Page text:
The US has decided to supply Ukraine with significantly longer-range ammunition. That could change the course of the war again. Military expert Mick Ryan explains why this could become a big problem for Russia.

The US will now supply longer-range artillery ammunition to Ukraine after all. The Washington Post reports, citing the Pentagon. Accordingly, the USA will deliver GLSD bombs (ground-launched small diameter bombs) to Ukraine. These have a range of around 150 kilometers and are about twice as far as the previous ammunition of the Himars rocket launchers.

The US hesitated for a long time, worried that the Ukrainians could attack Russian territory with this ammunition. But before Putin’s announced next major offensive, the Americans now want to equip the Ukrainians as best they can. As the Washington Post writes, the munitions will enable Ukrainians to attack Russian command posts, ammunition depots and supply lines far into the occupied territories.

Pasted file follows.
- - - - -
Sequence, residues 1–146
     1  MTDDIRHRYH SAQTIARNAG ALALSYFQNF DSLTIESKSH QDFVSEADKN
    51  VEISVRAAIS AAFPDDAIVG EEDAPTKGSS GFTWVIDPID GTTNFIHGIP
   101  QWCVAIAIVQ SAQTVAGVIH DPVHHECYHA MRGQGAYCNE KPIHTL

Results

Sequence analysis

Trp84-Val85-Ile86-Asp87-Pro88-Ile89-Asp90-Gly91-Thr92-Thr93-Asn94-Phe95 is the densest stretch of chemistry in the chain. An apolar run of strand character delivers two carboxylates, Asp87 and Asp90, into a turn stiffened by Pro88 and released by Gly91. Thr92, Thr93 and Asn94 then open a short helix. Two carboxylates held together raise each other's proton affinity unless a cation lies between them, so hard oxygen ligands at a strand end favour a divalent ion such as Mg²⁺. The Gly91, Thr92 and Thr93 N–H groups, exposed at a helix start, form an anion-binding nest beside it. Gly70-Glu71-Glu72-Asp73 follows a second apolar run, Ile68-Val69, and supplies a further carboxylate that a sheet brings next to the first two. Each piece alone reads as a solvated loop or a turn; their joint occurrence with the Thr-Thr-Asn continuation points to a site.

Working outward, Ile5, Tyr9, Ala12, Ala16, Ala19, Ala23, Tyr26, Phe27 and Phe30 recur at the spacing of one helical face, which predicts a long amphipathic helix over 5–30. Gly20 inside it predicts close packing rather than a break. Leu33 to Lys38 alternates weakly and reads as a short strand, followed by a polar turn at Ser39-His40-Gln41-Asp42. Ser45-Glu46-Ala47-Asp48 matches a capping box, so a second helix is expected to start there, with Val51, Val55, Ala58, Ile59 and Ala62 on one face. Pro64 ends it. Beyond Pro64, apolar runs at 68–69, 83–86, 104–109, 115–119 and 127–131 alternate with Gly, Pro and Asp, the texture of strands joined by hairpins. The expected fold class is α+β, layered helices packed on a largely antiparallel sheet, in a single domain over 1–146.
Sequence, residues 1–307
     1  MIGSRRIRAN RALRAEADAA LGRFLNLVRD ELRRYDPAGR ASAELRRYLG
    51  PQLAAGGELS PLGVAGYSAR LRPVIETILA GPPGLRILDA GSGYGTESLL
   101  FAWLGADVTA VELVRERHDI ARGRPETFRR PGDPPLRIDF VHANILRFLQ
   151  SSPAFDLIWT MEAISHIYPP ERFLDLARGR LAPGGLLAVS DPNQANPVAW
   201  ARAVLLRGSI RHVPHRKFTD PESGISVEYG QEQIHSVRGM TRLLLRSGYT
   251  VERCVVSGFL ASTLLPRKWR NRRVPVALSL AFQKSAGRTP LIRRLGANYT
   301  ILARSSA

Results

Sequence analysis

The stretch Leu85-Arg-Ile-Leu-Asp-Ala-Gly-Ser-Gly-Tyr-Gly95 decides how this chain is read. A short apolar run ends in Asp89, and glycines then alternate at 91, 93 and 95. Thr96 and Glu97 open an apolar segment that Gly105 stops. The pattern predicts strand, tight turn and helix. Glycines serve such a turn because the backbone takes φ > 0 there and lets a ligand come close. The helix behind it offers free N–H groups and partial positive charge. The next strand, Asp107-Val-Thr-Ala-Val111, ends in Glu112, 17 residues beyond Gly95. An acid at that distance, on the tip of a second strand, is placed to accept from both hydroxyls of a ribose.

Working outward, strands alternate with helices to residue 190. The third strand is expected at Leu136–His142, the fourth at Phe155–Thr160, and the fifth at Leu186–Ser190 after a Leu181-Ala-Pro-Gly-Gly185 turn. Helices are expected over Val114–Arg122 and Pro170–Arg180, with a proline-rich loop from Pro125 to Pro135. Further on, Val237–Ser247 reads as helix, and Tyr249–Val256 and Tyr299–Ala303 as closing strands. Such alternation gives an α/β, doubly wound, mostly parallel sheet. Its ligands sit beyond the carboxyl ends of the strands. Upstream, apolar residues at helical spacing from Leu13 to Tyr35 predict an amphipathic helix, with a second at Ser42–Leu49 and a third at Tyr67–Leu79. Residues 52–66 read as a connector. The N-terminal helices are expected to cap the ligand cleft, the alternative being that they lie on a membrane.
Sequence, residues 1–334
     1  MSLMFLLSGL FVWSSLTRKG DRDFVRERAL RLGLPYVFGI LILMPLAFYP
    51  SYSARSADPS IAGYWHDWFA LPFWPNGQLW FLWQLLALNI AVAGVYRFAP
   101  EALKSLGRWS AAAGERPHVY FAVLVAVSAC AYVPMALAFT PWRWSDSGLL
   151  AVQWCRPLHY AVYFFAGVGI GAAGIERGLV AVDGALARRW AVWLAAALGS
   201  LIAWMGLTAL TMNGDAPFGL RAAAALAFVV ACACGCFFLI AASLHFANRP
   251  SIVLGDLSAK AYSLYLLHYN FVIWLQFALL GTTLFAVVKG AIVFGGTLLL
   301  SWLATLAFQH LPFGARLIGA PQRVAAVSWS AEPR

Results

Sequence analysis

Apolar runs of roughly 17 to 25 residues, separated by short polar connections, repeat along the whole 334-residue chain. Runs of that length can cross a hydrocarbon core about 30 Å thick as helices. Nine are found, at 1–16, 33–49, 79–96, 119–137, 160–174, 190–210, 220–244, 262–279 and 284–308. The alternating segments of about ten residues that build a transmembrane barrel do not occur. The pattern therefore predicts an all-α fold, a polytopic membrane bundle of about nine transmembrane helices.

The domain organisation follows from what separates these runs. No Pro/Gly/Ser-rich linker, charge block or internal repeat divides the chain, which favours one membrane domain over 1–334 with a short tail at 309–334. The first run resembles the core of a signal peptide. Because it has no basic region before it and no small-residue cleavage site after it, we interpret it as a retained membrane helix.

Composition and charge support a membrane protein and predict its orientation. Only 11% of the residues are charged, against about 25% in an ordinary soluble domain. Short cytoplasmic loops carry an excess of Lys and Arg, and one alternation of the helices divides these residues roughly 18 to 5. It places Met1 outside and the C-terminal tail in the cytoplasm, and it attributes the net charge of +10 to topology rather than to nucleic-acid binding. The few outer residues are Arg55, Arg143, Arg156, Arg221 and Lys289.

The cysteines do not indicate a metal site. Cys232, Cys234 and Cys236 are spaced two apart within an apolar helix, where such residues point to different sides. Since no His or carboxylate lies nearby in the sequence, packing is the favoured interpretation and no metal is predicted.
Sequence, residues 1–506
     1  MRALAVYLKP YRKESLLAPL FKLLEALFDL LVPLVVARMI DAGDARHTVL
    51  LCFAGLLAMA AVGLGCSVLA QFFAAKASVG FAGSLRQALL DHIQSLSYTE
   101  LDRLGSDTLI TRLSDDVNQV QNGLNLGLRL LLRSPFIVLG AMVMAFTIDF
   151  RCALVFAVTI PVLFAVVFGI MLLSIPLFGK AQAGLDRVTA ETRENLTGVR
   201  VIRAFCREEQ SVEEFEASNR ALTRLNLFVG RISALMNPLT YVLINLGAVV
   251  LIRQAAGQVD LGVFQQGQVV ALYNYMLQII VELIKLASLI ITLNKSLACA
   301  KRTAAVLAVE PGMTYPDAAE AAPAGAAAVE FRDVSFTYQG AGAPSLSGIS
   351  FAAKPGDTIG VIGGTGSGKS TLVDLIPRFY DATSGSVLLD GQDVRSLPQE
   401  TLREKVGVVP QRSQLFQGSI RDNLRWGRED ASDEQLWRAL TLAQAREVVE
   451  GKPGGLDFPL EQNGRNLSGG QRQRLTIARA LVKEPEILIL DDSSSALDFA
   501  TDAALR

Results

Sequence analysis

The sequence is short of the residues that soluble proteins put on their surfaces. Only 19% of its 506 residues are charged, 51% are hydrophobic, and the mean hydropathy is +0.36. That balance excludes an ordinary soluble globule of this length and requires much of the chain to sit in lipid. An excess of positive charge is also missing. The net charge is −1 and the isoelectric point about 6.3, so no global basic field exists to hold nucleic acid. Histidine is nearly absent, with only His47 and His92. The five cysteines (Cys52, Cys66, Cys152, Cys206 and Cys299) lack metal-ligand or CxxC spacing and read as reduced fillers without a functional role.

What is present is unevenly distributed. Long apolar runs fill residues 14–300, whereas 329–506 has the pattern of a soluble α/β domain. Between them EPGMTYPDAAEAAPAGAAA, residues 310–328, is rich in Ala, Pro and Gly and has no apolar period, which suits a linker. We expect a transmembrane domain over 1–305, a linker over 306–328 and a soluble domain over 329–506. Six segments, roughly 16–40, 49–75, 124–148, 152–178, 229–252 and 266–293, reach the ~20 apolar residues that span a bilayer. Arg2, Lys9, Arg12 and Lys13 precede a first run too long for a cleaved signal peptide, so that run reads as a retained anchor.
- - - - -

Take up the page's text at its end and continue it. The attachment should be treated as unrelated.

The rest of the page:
This is also emphasized by the Australian military expert Mick Ryan in a short analysis on Twitter. He writes: “This is a key to making the Russian offensive significantly more difficult. These weapons allow the Ukrainians to shoot much deeper into Russian territory.” Russia has recently adapted well to the dangers posed by Himar rocket launchers and has changed its supply lines, writes the ex-general.

But now there are several problems for the Russian units, according to Ryan:

Ryan adds an image to his post showing how the range is changing. The bright red part is already in the sights of the Ukrainians. With the delivery of the new ammunition, the dark red area can also be attacked.

Ryan writes: “That doesn’t put Ukraine in a position to pose a threat to Crimea. But should the Ukrainians be able to retake their territories in the south, then they could also attack the Russian-held peninsula.”

Ryan concludes, “This is a very positive development. These weapons will have an effect.” There is only one limitation: the GLSD bombs were not produced in as large a number as the ammunition previously supplied.